View Full Version : Processor speed and Cache question
6th of December 2008 (Sat), 14:37
So I am looking at a laptop with the following components. My budget is modest but I don't want to handicap myself for the next three years. My question is 2.5ghz, 6mb cache for an extra $125 or keep the 2.4ghz, 3mb cache?
If I went with the 2.5ghz processor wouldn't I also need more than 4gb of RAM?
Sorry for the newb questions. I appreciate any and all responses.
XPS M1530 Intel Core 2 Duo Processor T8300 (2.4GHz/800Mhz FSB, 3MB Cache)
Vista Home Premium Edition SP1, 64-bit
4GB Shared Dual Channel DDR2 SDRAM at 667MHz (2 Dimms)
LCD, Color and camera High Resolution, glossy widescreen 15.4 inch LED LCD (1440x900) & 2.0 M
Video Card 256MB NVIDIAŽ GeForceŽ 8600M GT
Hard Drives Size: 320GB 5400rpm SATA Hard Drive
Combo or DVD+RW Drive Slot Load DVD+/-RW (DVD/CD read/write)
Wireless Networking Cards Dell Wireless 1505 Wireless-N Mini-card
If you see something out of place or missing please let me know.
7th of December 2008 (Sun), 11:00
That glossy screen won't be that good for photo editing if that's your plans for the lappy.
As for the CPU, the 6MB cache one will be better. I think it runs on a faster FSB as well. 4GB will be fine either way.
7th of December 2008 (Sun), 18:21
Buy what you can afford, both will be pretty quick. Check out www.tomshardware.com for CPU benchmarks.
7th of December 2008 (Sun), 22:53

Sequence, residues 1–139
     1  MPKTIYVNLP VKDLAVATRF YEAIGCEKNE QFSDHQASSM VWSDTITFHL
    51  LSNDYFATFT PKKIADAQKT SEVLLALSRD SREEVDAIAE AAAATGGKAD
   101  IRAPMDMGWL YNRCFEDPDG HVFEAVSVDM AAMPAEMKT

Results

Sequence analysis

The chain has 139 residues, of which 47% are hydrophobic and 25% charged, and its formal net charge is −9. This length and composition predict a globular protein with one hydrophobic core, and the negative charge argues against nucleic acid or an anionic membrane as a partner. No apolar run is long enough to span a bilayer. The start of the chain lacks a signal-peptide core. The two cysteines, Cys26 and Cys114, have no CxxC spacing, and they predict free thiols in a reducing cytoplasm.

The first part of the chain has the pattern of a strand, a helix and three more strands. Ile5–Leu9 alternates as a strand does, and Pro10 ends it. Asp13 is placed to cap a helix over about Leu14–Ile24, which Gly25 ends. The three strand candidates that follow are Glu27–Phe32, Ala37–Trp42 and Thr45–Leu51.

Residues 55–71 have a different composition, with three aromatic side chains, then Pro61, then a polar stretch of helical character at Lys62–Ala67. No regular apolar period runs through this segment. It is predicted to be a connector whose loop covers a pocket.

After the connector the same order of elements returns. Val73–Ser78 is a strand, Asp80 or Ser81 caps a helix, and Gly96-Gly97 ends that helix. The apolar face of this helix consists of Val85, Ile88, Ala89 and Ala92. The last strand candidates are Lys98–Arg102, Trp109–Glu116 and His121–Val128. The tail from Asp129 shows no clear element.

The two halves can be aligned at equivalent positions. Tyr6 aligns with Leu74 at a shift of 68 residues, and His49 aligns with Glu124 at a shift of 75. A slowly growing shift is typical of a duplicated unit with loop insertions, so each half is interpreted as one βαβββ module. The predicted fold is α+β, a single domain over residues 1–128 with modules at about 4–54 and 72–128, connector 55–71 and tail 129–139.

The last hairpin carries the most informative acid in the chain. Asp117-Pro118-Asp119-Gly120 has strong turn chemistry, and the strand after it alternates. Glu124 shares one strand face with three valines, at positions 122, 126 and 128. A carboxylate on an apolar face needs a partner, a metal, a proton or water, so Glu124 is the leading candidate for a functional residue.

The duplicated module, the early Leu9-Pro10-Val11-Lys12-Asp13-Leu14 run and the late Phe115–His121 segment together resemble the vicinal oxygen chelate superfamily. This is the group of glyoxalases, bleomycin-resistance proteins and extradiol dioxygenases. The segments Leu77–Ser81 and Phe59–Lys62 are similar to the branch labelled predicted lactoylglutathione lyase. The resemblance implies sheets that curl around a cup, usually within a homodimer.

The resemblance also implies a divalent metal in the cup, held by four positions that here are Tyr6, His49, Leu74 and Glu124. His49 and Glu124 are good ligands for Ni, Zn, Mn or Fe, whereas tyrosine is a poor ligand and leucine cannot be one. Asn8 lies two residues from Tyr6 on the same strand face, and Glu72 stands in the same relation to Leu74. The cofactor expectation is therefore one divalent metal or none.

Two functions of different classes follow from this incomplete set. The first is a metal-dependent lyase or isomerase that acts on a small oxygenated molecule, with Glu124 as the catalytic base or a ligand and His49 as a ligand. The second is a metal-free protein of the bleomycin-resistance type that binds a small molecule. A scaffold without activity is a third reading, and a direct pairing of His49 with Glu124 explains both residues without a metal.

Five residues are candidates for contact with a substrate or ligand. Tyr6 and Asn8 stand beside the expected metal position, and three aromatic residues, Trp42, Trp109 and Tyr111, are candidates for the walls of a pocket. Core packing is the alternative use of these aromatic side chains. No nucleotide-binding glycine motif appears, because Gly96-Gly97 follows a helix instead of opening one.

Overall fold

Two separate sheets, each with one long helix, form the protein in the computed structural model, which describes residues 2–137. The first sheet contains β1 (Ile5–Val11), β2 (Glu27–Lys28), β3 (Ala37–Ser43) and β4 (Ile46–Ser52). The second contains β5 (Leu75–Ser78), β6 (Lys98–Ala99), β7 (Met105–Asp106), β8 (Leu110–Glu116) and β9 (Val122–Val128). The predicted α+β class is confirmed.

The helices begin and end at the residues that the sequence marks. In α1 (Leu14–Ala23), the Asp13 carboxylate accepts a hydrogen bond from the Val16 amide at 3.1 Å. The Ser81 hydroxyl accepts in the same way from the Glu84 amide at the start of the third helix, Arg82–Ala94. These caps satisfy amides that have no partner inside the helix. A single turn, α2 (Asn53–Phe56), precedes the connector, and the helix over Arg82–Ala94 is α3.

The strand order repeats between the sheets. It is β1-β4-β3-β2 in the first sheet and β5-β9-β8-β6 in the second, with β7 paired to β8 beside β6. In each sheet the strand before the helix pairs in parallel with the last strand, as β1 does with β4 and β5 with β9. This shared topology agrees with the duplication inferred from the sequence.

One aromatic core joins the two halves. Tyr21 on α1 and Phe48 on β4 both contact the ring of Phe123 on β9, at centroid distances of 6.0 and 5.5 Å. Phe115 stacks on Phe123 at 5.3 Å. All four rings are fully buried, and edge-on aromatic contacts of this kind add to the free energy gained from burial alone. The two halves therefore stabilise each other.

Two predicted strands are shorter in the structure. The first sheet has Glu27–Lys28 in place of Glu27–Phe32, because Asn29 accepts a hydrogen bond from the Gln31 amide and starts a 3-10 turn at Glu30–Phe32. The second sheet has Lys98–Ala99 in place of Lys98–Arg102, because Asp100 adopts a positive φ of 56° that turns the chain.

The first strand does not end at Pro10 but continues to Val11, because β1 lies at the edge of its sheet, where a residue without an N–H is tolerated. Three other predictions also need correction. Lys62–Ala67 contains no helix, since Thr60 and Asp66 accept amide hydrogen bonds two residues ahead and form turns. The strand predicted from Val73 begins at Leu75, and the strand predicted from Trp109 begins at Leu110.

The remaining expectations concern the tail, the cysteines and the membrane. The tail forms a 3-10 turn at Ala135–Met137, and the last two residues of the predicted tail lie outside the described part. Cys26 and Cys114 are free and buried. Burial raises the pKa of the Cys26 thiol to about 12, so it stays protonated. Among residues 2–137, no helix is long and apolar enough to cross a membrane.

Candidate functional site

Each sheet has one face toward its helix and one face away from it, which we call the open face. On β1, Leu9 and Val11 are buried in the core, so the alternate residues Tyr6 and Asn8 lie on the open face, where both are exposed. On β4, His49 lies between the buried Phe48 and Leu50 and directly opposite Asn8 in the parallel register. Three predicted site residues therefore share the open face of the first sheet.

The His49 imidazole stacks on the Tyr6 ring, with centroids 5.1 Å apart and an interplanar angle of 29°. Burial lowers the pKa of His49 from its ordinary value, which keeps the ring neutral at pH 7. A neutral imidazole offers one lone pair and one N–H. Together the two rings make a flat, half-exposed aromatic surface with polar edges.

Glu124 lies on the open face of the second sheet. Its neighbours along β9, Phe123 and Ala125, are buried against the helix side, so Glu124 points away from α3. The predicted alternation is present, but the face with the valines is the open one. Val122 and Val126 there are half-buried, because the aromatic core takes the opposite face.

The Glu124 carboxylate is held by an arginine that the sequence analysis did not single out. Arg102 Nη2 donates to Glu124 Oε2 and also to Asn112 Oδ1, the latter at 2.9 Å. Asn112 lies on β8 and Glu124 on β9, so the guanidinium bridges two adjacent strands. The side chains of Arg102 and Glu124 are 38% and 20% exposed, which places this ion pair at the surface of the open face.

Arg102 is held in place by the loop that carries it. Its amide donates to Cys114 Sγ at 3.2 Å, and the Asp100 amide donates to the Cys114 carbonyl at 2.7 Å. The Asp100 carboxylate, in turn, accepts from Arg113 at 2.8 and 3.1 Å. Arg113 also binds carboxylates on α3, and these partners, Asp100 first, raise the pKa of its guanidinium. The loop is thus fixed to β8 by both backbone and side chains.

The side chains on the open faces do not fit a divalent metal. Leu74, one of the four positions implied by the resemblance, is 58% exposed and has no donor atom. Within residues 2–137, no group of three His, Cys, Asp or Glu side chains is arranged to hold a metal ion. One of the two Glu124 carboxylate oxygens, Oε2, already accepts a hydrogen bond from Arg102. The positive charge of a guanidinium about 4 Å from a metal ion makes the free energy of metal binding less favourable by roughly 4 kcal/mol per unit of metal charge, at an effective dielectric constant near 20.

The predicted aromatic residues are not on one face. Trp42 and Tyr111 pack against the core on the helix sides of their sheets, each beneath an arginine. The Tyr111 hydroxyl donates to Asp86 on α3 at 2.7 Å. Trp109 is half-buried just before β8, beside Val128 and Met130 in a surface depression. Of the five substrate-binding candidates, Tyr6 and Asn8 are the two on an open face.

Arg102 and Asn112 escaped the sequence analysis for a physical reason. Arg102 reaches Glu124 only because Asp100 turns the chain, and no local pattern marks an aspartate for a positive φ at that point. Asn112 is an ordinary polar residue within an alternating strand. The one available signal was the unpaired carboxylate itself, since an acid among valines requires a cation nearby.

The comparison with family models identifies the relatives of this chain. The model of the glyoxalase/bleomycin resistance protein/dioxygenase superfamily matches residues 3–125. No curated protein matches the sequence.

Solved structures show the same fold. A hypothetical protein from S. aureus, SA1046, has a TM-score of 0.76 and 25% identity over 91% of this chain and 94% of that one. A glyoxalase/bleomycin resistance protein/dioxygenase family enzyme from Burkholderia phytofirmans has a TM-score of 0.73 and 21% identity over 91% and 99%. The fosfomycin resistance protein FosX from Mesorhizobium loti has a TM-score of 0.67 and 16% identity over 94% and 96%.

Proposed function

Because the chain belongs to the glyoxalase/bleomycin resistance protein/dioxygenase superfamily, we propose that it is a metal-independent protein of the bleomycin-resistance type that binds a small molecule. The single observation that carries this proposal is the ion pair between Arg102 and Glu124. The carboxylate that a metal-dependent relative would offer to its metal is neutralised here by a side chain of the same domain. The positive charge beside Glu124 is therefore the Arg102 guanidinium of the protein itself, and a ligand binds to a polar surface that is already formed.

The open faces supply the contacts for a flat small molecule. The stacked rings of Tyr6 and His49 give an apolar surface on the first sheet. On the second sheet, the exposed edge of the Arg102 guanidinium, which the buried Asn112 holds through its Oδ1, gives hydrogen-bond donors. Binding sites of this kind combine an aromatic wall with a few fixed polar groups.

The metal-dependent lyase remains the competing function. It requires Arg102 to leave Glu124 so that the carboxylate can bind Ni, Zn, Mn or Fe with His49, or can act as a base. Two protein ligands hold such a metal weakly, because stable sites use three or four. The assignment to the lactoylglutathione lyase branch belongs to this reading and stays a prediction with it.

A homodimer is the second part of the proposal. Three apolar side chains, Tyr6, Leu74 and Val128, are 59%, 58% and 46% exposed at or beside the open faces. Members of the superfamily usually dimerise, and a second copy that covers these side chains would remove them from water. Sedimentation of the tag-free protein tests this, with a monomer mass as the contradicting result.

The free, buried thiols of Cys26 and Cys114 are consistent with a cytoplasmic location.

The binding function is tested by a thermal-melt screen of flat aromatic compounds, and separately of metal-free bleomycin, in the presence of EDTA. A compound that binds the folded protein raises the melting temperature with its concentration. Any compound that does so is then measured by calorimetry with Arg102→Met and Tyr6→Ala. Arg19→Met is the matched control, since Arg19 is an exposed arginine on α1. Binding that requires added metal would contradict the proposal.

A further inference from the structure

I would only get 2gb memory then use a 8gb USB Memory stick to enable "ReadyBoost"
8th of December 2008 (Mon), 02:43
RAM is WAY faster than ReadyBoost, as well as maybe being cheaper, I think Willowtree's suggestion is flawed. RAM is *way* as it goes across a dedicated bus, instead of USB, and things can be cached in RAM. The only advantage of ReadyBoost is it might provide a cache between reboots.
8th of December 2008 (Mon), 03:10
I did a bit of playing with readyboost on and off using a 1GB USB stick.
It doesn't seem to make any difference to processing times, but it does seem to improve load times of programs and performance when moving between multiple programs.
8th of December 2008 (Mon), 11:21
This is my first time hearing about Readyboost. I will have to google it to see what it's all about.
8th of December 2008 (Mon), 15:35
The amount of memory (2gb vs. 4gb) shouldn't make any difference between the 2.4ghz and 2.5ghz systems. The memory hog in question is Windows Vista, which you will presumably be running with either processor. The general consensus I've seen is that you're better off running Vista with 4gigs over 2.
2.5ghz over 2.4ghz doesn't translate to that much real world difference. I have used 2.1 and 2.2ghz Macbooks side by side, and 98% of the time I'm completely oblivious to which one is faster.
However, the Cache upgrade (6mb vs. 3mb) is significant. That should translate into a noticeably faster computer. If performance is important to you, then I'd get the upgrade for the cache increase (not the ghz increase).
And Tim is exactly right about the memory. It's physically impossible for a USB memory stick to give you the kind of memory performance that you can get via dedicated RAM. If you are piecing together a new laptop, you shouldn't even be messing with USB memory -- get what you need via RAM!!
8th of December 2008 (Mon), 16:01
The extra cache allows better access to your RAM, so yes, it is a good idea when increasing your RAM to also allow for more cache.
It's not necessary, but more cache does work hand in hand with more RAM.
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